• RetiredTraveler
    Now that we are retired, my wife and I plan on doing extended trips. We are not willing to give up our house yet. A friend suggested that I call my insurance company to make sure there is no coverage problems if we leave the house empty for 3 to 5 months at a time. It turns out my friend was right. My insurance company considers a house "abandoned" if left empty for more than 60 days. They will cover the structure but not the contents. I've done research and the only solution I've found so far is to have our daughters spend a weekend at our house every 8 weeks. The insurance company said this will "reset the clock". Our daughters said they would gladly do it but both live 150 to 200 miles away and we hate imposing on their busy life.
    Has anyone delt with this situation and how did you resolve it?
  • Robert B
    I have Nationwide Insurance. They do not consider an extended absence to be abandonment or vacancy. It is your primary residence. As long as you take reasonable steps to maintain the property during the time it is not occupied, there is no issue with coverage. Examples would be, shut off water and turn off water heater, stop mail and newspaper, have lawn regularly serviced, have neighbor or relative do periodic walk-throughs, notify police of your absence. Hope this helps.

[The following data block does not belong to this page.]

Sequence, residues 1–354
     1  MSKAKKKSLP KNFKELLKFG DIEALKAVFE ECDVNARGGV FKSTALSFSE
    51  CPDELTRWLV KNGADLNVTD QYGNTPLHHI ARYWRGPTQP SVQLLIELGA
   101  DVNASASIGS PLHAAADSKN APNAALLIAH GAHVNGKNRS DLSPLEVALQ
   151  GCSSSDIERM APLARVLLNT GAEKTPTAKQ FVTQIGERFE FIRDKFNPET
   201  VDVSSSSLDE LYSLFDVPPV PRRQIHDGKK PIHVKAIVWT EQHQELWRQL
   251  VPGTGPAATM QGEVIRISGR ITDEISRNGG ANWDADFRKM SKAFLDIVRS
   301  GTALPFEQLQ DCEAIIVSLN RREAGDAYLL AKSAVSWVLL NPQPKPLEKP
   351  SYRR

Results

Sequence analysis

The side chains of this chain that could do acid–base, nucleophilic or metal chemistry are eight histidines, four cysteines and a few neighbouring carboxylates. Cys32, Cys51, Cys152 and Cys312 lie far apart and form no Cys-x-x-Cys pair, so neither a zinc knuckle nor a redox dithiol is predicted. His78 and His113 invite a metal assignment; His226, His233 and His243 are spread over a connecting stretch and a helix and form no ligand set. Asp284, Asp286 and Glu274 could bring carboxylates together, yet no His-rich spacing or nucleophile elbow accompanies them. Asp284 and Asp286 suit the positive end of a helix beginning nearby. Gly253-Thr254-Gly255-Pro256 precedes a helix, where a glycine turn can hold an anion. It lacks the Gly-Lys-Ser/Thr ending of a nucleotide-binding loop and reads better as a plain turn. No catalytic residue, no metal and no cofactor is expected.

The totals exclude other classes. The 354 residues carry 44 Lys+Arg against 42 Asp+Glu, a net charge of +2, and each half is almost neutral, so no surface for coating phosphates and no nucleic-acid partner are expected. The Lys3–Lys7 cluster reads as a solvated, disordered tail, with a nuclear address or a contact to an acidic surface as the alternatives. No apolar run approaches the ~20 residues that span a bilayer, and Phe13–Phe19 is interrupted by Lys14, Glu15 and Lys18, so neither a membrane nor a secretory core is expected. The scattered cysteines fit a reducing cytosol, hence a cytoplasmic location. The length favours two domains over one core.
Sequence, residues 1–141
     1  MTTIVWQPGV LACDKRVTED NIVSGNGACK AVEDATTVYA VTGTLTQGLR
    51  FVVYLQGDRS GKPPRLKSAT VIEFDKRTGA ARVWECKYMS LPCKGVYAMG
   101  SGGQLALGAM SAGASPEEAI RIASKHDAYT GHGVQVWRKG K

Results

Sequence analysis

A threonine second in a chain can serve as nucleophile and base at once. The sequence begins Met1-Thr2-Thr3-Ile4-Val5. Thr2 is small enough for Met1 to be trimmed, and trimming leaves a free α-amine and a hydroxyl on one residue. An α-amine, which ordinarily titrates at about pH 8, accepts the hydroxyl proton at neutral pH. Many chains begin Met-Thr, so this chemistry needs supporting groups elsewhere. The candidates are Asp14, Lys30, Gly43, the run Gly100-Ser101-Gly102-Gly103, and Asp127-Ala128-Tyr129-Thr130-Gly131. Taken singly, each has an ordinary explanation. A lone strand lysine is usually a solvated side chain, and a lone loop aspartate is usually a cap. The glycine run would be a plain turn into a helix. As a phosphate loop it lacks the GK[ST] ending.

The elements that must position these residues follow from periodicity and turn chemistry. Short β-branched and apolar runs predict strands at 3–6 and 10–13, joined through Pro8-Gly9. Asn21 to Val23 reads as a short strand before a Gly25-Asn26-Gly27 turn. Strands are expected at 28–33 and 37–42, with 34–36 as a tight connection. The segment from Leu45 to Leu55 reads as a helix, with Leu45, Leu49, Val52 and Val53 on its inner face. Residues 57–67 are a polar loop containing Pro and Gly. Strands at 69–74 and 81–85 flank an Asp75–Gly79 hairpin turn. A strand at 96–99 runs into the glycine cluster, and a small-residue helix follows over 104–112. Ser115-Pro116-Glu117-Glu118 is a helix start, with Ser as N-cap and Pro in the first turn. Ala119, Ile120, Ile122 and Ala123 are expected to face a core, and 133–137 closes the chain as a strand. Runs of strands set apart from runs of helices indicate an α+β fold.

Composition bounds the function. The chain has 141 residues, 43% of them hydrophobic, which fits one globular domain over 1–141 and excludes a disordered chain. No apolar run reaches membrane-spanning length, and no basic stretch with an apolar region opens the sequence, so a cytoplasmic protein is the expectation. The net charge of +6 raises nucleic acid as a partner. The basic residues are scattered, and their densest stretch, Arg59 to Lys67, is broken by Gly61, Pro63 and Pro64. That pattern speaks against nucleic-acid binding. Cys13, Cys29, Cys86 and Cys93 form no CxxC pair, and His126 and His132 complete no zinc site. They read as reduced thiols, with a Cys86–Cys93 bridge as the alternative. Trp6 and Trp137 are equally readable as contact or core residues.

• Greg F
    Another solution would be to shop around for a new policy.
  • George
    House insurance companies have tightened their requirements for people travelling for e tended times. It used to be that the house had to to checked weekly. The latest I found out is they now require a house check every three days. Shutting of the water is a great idea. Make sure that you drain the hot water tank and all the pipes. Turn the gas off to all appliances except the furnace. In winter use an automatic set back thermostat to change the temperature regularly to keep mould away. The temp should be 70F or 20C in the house. At night the temp can be lower during the day it should be higher.
  • Stanochs
    I work for a large Illinois insurance company. No such rule for us on primary residence
Add a Comment